Hollywood musicals fell out of favor a long time ago — gone are the days of Fred Astaire, or Ginger Roots. From the ‘80s to now, musicals as a genre leaned toward a kitschy aesthetic, not taken seriously by critics. “La La Land” completely changes that. Damien Chazelle’s masterful follow up to Academy Award-nominated “Whiplash” is a sly, beguiling and seductive masterpiece: Part ode to Old Hollywood, part love letter to Los Angeles and part meditation on the love of jazz, “La La Land” is quite simply a masterpiece.
Mia (Emma Stone) is an aspiring actress, who works at a coffee shop at the Warner Bros film lot, meets Sebastian (Ryan Gosling) a devoted jazz pianist whose dedication to jazz borders on obsession. As the two aspiring artists continually run into each other, the love story begins between the two, moving from antagonism to seduction. The backdrop of this narrative as it unfolds is Los Angeles, capable of being both enchantingly beautiful and cruelly indifferent.
Furthermore, Chazelle has an incredible knack for incorporating music into his films in both a diegetic and non-diegetic manner. In “La La Land” the music becomes almost a third character and In many sequences it drives the plot, grounding the two characters and becoming one of the things that the two hold dear between them. Throughout the film, the score and the musical numbers ceaselessly merge together, with airy piano melodies in the score becoming the primary theme for the song number. However, the music and dance here are so unlike the ostentation and gaudiness that characterize musicals that it can be kind of a surprising to think that this belongs in the same genre. The songs are primarily slow, ballad-like piano melodies and jazz tunes, which in some sense are a return to form for the genre.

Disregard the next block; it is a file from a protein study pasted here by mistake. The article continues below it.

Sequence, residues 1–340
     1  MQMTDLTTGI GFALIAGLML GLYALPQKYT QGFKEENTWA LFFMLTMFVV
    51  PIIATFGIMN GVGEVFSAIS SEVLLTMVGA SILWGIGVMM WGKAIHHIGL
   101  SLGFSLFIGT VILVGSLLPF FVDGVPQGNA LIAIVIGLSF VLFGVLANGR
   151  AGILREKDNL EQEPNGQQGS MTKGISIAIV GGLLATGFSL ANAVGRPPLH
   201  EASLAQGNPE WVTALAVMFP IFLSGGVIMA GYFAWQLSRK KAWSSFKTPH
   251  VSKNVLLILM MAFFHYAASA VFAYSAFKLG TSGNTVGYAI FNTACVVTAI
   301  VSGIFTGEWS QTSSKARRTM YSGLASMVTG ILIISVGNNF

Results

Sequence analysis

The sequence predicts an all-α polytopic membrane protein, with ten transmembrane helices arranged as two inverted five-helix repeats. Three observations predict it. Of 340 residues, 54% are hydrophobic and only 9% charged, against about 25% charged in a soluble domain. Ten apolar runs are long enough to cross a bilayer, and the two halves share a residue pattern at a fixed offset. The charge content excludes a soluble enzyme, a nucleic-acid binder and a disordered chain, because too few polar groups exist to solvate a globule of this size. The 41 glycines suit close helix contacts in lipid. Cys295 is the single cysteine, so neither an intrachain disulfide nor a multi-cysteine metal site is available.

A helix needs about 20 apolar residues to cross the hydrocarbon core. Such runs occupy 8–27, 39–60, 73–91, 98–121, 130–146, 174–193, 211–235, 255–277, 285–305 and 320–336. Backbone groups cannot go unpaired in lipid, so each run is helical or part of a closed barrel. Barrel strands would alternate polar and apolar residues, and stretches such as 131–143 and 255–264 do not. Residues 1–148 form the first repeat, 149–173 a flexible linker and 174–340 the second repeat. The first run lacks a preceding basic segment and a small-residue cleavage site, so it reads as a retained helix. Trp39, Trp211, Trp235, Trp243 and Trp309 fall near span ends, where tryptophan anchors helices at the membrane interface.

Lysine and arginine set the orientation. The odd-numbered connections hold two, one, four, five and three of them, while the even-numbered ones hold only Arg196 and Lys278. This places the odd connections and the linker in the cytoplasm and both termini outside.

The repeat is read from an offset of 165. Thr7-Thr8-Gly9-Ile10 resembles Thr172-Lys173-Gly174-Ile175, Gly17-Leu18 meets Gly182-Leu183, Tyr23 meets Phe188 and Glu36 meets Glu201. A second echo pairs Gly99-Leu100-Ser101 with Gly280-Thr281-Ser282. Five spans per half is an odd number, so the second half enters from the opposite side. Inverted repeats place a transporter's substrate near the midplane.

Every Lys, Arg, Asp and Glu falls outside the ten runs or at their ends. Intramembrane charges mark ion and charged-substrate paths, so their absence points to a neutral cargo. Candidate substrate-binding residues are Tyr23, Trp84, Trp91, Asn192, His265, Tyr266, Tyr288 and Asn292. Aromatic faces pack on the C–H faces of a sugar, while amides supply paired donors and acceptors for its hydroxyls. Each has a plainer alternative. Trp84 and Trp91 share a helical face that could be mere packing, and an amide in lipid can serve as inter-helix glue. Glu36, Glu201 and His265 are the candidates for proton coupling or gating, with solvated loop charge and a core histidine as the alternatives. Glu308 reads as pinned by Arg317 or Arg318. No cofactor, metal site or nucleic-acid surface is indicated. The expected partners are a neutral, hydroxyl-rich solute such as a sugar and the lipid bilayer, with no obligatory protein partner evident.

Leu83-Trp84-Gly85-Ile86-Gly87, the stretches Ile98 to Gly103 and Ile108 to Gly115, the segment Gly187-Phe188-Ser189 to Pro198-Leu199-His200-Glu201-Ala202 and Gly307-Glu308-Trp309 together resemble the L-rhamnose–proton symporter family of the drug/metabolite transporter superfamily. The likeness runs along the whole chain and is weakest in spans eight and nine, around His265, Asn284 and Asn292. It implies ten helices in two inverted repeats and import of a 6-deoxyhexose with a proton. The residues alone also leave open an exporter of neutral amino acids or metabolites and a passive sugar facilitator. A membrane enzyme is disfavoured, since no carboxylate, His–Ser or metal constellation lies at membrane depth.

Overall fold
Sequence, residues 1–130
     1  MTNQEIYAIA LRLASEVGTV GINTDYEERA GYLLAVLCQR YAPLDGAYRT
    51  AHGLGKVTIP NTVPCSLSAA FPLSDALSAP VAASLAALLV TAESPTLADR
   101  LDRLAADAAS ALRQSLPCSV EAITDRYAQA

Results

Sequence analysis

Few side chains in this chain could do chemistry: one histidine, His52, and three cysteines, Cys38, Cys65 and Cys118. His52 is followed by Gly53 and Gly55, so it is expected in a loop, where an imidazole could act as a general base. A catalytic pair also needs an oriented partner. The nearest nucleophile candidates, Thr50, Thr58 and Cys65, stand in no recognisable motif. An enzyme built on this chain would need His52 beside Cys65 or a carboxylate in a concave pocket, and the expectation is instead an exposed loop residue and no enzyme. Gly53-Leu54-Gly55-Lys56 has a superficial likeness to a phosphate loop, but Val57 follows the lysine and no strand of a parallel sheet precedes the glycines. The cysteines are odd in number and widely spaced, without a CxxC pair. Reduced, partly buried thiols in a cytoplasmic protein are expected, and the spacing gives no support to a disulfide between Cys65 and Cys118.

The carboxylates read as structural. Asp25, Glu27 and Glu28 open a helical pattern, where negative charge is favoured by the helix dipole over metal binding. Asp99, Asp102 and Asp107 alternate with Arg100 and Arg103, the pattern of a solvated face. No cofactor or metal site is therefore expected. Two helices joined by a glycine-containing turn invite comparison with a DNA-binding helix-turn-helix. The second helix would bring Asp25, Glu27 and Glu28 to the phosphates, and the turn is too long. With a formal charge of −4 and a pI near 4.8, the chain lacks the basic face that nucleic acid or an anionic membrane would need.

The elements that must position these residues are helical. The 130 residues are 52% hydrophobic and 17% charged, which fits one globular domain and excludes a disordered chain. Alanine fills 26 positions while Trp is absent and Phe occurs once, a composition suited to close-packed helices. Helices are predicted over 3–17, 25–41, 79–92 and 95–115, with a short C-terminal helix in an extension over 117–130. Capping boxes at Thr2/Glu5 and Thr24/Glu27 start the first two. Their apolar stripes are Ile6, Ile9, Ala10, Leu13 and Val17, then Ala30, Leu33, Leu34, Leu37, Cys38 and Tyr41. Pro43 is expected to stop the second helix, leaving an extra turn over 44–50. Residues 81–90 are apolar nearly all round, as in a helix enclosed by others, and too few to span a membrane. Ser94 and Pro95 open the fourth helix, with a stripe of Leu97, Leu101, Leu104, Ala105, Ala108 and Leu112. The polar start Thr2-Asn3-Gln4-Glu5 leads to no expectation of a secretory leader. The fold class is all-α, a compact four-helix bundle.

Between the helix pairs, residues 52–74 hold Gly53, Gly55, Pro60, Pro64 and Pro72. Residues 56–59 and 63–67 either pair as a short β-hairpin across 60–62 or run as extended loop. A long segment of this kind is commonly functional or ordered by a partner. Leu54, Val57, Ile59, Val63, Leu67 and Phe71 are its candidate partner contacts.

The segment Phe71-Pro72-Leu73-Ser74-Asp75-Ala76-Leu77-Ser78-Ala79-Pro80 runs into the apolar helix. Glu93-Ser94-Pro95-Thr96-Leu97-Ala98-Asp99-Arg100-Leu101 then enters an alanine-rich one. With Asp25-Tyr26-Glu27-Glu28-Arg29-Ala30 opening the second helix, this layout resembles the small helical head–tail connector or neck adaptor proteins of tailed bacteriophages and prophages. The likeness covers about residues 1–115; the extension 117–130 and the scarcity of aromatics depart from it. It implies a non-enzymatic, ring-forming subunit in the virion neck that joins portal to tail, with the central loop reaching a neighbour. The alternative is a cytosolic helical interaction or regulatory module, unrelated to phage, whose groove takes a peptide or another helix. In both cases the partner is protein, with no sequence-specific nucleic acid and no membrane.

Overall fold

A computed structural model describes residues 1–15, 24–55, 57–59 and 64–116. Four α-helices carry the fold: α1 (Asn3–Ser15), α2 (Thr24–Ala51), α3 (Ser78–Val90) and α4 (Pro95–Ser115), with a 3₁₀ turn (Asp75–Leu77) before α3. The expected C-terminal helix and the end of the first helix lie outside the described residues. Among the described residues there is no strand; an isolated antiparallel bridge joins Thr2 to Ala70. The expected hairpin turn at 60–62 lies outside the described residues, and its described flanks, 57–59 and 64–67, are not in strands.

The magic of “La La Land” is that it takes its cues from Old Hollywood conventions, but really molds them to fit a 21st century narrative. The effect is surreal. For example, after Mia and Sebastian’s first date to see “Rebel Without a Cause,” the two take a trip to the Griffith Observatory, during which, after a slow Astaire-inspired dance number, the two end up on the deck and somehow begin floating … into the air. The film up until this point is completely grounded on realism, and yet when the two begin floating, it just fits. The unexpectedness of this surreal daze, combined with the slow piano melodies of the score are incredibly memorable.
And yet, for all of its hope and aspirations, this film is an incredibly sad film: Unlike the escapism of Old Hollywood films, the world these two inhabit is not friendly to the aspirations of two young artists. Chazelle masterfully crafts a subtle, controlled and heartbreaking story of two ambitious artists in Los Angeles.